Can You Have It All?
By Schwartz ES
Recently, I was invited to deliver a lecture titled, “Work-Life Balance: Can You Have It All?” My first instinct was to approach the podium, announce the title, say “No,” and sit back down.
Tempting as that would have been, it would not be entirely accurate. Or professional. Or respectful of the organizers. But it would be funny.
All joking aside, I did feel the need to revise the title. The term “work-life balance” is a well-worn phrase, that is true. But for me, it brings to mind a seesaw, with work on one side, life on the other, and a continuous struggle to keep it perfectly even.
Most of us know that’s not reality.
I have long preferred to call it “work-life integration.” There are times – like right now as I write this on an airplane taking me far from my family — when we should be 100 percent focused on work. And there are other times—on days off, on vacation, enjoying time with friends — when we should be entirely focused on life.
My goal is to integrate my personal and professional demands in such a way that they enhance my well-being over the long haul.
It’s been argued that work-life balance is a continuous cycle of re-assessment and adjustment, not an achievement; that a balanced life “integrates the personal and the professional in a healthy way, supporting an identity that includes the career, but doesn’t necessarily revolve around it.”1,2
Studies show that professionals who report the highest levels of happiness are those who are able to “compartmentalize, to disconnect, to switch off without guilt from work.”2
That all sounds great. But, for me, being accessible to colleagues via cellphone, email, text, drop-ins, and applications like Slack makes disconnecting from work virtually impossible. They also make separating from my “life” during work hours equally challenging, especially when working from home.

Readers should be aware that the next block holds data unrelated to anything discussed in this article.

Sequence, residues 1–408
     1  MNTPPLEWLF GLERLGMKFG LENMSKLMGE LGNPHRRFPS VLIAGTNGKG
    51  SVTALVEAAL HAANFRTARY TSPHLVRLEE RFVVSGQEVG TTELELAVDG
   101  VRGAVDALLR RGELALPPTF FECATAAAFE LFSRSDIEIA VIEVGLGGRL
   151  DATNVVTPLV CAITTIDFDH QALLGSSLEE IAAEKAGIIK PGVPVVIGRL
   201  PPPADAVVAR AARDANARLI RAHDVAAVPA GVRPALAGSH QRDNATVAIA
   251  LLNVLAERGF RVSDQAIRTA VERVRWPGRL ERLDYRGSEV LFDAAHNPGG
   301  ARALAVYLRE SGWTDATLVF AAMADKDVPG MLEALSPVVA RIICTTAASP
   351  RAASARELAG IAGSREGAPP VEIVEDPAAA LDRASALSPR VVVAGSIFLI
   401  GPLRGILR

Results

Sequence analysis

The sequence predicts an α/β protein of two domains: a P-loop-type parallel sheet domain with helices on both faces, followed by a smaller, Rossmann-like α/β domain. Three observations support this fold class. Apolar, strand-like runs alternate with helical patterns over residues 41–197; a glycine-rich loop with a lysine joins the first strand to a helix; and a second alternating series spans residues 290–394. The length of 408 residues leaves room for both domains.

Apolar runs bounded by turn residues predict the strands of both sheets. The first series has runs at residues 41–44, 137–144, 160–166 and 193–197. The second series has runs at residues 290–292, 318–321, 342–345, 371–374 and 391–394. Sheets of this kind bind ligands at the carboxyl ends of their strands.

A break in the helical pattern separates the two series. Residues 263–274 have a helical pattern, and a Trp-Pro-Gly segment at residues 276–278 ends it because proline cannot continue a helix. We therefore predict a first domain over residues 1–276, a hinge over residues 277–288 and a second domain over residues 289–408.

It is a tough time for radiologists. Case volumes are sky high at many places, with little to no hope among those in academia for lower research and education obligations. Add roles like journal editor, division chief, medical director, and society president, and it’s enough to make your (my!) head spin.
Yes, these are positions that I have actively chosen, but that doesn’t mean they aren’t exhausting at times. I have also chosen my roles as spouse and parent, and they are also exhausting at times. But I could not succeed in any of my work roles without the support of my family, who are my life.
Some experts argue that one’s goal should be to avoid working too much.3 Sadly, their definition of “too much” is laughable in healthcare. Remember the battles over cutting trainees down to 80 hours a week? For many of us, 45 hours a week is practically part-time. And yet working beyond that has been shown detrimental to physical and mental well-being.3
Our performance relies on optimal brain function, which in turn requires strong physical and mental well-being. We cannot achieve either by furiously working in airports to meet deadlines, checking email on vacation, or taking on yet another professional role.
To paraphrase an old advertisement, we may have come a long way, baby. But we still have a long way to go.
- https://hbr.org/2021/01/work-life-balance-is-a-cycle-not-an-achievement. Accessed April 28, 2023.
- https://www.bbc.com/worklife/article/20230227-what-does-work-life-balance-mean-in-a-changed-work-world. Accessed April 28, 2023.
- https://www.forbes.com/sites/maurathomas/2022/07/26/what-does-work-life-balance-even-mean/?sh=402e31072617. Accessed April 28, 2023.
Dr. Schwartz is the Editor-in-Chief of Applied Radiology. She is the Chief of the Division of Neuroradiology and holds the Robert A Zimmerman Chair in Pediatric Neuroradiology in the Department of Radiology at The Children’s Hospital of Philadelphia. She is also an Associate Professor of Radiology, Perelman School of Medicine, University of Pennsylvania.